Code § 8.01-238 only applies to bills in equity to repeal grants. It is therefore inapplicable to the present suit, a declaratory judgment action to determine the rights of the parties. Moreover, because the statute does not, by its express terms, apply to the Commonwealth, it cannot bar an action by it. Code § 8.01-231. For these reasons, the suit is not barred by the statute of limitations.

The Conservancy argues Code § 41.1-6 ratifies all land grants made by the Commonwealth. By its terms, however, the section only applies to grants issued by the State Librarian, who only held the power to issue grants between 1948 and 1954. This section, enacted in 1966, applies only to grants made during that time.

The Conservancy correctly argues the 1888 statute only applies to land used as a common. Powell v. Field, 155 Va. 612, 155 S.E. 819 (1930). It argues "common" has a narrow legal definition and the evidence fails to support a finding that the marshes on Hog Island were used as a common within the meaning of the statute.

We discussed the meaning of the word "common" in Miller v. Commonwealth, 159 Va. 924, 166 S.E. 557 (1932). There, we said land can become a common in one of two ways. The first, inapplicable here, is for a government to specifically designate land for that purpose. Id. at 948, 166 S.E. at 565. The second is when land has been "used by the people as a common and come to be recognized as such." Id. See also French v. Bankhead, 52 Va. (11 Gratt.) 136, 166 (1854).

The trial court heard testimony from a number of elderly people knowledgeable about the history and traditions of Hog Island. Based on their associations with others much older than they, these witnesses related that for many years prior to 1888 the marshes had been used by the public at will for fishing, fowling and hunting. Indeed, this had been the primary source of livelihood for the island's inhabitants for generations. Moreover, the island was used not only by its inhabitants, but by people from other parts of the Commonwealth and nation. As a result of this testimony, the trial court found the evidence to be "overwhelming" that the marshes were used by the people as a common. See Garrison v. Hall, 75 Va. 150, 156-57 (1881).

No evidence was introduced to dispute the trial court's finding. However, the Conservancy argues the sworn affidavits of the county surveyor that the lands in question were "liable to entry" proves conclusively the marshes were not used as a common, since the surveyor would not make an affidavit if the land was prohibited from grant by statute. (These affidavits were a requirement of the land-grant procedure.) We reject this argument.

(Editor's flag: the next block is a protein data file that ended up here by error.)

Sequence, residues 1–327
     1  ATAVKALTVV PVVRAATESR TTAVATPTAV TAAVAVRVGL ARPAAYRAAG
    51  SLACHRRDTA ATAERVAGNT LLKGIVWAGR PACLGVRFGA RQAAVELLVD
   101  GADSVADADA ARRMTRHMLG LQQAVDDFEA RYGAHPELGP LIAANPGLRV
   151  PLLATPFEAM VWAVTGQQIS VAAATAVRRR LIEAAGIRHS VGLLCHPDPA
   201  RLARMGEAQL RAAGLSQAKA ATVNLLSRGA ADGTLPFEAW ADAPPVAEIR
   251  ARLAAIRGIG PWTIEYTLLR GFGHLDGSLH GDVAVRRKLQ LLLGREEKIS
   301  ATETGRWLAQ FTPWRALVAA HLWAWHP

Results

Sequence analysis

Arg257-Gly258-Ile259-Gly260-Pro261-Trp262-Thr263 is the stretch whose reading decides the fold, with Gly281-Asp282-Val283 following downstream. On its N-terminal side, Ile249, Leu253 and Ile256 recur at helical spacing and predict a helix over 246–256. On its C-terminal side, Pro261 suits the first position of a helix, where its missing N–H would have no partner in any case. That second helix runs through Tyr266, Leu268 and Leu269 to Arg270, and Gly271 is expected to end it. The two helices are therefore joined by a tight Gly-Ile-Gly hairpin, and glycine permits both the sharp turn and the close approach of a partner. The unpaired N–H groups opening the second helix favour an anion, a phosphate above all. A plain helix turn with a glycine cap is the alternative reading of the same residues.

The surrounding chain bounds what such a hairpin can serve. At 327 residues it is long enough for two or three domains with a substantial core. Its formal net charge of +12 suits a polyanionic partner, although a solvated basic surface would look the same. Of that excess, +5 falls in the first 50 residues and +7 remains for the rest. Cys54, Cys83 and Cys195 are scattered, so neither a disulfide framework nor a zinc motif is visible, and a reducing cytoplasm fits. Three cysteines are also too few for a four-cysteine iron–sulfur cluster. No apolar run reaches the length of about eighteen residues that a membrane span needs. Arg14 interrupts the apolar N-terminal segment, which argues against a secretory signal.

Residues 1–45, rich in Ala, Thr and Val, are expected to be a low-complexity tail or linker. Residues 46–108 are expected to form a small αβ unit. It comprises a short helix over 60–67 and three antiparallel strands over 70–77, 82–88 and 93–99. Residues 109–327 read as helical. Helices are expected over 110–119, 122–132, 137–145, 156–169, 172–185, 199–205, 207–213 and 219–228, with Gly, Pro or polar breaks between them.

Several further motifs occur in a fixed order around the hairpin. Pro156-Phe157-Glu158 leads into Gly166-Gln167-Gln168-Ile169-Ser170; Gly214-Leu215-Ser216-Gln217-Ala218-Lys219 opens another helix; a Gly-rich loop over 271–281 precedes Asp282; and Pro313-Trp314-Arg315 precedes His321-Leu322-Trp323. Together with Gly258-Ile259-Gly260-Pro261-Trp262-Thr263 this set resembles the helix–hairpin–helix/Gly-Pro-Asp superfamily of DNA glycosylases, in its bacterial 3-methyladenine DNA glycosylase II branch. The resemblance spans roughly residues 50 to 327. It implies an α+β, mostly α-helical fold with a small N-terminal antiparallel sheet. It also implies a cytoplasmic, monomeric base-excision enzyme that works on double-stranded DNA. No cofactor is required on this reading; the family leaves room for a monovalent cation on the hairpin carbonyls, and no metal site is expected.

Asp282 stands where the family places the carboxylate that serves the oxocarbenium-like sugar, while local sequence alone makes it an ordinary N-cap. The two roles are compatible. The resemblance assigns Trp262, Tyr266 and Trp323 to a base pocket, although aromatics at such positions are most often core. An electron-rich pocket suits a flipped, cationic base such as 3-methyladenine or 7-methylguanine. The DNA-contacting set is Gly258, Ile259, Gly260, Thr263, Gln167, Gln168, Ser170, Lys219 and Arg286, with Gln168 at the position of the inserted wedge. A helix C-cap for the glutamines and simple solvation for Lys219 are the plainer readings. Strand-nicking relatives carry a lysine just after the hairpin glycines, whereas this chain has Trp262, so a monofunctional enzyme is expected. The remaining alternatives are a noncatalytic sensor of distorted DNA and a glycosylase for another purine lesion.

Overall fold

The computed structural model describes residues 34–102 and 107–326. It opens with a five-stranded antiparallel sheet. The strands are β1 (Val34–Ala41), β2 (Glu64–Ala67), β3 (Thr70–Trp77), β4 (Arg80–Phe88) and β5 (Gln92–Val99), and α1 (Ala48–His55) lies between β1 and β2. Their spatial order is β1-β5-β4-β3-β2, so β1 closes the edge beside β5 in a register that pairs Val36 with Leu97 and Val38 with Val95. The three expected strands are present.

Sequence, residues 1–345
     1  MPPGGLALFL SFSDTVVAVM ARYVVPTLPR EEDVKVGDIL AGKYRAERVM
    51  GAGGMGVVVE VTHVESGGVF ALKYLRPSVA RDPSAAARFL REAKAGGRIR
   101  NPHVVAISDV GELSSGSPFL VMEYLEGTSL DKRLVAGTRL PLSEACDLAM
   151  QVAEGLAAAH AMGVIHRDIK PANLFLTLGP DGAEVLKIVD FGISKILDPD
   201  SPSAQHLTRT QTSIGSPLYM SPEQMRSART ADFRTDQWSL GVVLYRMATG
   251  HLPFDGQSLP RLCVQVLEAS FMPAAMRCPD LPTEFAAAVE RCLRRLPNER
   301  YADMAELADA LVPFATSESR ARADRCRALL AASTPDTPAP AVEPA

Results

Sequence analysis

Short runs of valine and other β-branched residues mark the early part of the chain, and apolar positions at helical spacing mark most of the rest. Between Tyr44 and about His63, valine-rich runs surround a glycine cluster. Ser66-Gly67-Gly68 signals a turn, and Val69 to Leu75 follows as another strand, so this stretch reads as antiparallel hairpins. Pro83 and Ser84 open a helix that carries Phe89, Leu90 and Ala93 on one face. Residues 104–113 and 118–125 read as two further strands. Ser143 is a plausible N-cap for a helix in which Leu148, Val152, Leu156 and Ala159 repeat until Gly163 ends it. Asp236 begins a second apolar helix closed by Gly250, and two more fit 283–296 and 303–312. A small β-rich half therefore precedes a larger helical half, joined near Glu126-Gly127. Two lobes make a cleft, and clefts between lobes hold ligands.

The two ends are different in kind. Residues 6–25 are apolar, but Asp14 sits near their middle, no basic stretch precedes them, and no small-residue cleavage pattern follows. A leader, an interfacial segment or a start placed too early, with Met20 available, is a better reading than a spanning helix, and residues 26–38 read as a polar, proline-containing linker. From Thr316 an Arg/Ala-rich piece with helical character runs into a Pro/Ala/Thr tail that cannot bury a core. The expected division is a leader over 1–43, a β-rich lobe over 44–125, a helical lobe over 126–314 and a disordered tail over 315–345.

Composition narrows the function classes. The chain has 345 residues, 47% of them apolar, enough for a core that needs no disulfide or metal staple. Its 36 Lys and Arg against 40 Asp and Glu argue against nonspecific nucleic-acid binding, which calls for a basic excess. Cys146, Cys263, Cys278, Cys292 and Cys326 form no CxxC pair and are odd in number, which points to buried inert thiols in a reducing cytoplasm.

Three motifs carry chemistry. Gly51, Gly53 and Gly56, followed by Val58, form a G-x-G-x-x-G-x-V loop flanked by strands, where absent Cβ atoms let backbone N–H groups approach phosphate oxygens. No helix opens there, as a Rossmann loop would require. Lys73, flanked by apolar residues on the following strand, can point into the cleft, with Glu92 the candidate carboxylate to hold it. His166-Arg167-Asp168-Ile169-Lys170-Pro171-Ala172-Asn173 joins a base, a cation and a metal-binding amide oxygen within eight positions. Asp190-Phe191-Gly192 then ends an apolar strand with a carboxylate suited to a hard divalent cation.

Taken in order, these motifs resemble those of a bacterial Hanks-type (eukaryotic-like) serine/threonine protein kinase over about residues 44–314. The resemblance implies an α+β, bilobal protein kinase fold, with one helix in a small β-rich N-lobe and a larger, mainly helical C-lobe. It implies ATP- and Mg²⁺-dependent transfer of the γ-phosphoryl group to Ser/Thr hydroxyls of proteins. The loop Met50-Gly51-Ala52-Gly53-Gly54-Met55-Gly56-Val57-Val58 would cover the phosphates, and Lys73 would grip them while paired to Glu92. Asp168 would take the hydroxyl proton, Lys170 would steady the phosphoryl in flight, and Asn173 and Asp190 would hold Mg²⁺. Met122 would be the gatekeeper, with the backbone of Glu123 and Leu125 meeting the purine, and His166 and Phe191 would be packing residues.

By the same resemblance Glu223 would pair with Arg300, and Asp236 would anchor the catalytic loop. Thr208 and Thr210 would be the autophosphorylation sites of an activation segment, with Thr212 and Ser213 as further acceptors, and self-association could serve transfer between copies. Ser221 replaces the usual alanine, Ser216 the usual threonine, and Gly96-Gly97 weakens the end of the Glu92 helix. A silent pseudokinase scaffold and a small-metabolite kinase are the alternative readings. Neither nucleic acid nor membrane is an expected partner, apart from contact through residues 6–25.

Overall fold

While public officers are presumed to act lawfully, this presumption is rebuttable. Were it not, no grant from the Commonwealth could be voided once it was made, since the fact of issuance would be proof of validity. This, however, is not the case, as a statutory procedure exists for challenging the validity of grants. Code § 41.1-13.

We thus hold the trial court was correct in finding the marshes of Hog Island *872 were used as a common. The 1888 act therefore prohibited the granting of this land. Furthermore, the court correctly held the terms "marsh" and "meadowland" were synonymous and ruled the statute did not apply to portions of the uplands on the island. This holding is supported by evidence in the case as to the meaning of the terms on the Eastern Shore in the 1800's and by case law from other jurisdictions. See, e.g., Lawrence v. Town of Hempstead, 155 N.Y. 297, 303, 49 N.E. 868, 869 (1898).

Nevertheless, the Conservancy argues the trial court's holding respecting the marshes must fail because the 1888 statute is unconstitutional. It argues the statute violates the equal protection and privileges and immunities clause of the Fourteenth Amendment of the Federal Constitution because it only applies to the Eastern Shore and because it restricts use of the marshes to citizens of Virginia. Assuming the Conservancy has standing to raise these issues, we reject its arguments.